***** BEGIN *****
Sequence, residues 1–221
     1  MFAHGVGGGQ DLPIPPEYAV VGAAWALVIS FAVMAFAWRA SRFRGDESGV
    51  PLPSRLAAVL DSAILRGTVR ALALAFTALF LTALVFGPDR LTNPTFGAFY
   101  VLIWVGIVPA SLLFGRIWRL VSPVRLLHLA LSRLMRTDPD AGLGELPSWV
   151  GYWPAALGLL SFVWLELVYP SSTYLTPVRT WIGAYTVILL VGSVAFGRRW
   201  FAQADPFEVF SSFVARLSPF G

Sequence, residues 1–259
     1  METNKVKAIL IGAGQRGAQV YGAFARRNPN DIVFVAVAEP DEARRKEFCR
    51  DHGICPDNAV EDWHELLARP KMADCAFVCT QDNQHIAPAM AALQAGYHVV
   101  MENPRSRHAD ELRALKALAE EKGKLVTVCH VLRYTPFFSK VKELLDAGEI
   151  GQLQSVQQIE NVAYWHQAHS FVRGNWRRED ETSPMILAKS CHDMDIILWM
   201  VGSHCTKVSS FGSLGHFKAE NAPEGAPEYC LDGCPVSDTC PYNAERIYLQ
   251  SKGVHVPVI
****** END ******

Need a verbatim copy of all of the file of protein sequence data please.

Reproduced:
Sequence, residues 1–221
     1  MFAHGVGGGQ DLPIPPEYAV VGAAWALVIS FAVMAFAWRA SRFRGDESGV
    51  PLPSRLAAVL DSAILRGTVR ALALAFTALF LTALVFGPDR LTNPTFGAFY
   101  VLIWVGIVPA SLLFGRIWRL VSPVRLLHLA LSRLMRTDPD AGLGELPSWV
   151  GYWPAALGLL SFVWLELVYP SSTYLTPVRT WIGAYTVILL VGSVAFGRRW
   201  FAQADPFEVF SSFVARLSPF G

Sequence, residues 1–259
     1  METNKVKAIL IGAGQRGAQV YGAFARRNPN DIVFVAVAEP DEARRKEFCR
    51  DHGICPDNAV EDWHELLARP KMADCAFVCT QDNQHIAPAM AALQAGYHVV
   101  MENPRSRHAD ELRALKALAE EKGKLVTVCH VLRYTPFFSK VKELLDAGEI
   151  GQLQSVQQIE NVAYWHQAHS FVRGNWRRED ETSPMILAKS CHDMDIILWM
   201  VGSHCTKVSS FGSLGHFKAE NAPEGAPEYC LDGCPVSDTC PYNAERIYLQ
   251  SKGVHVPVI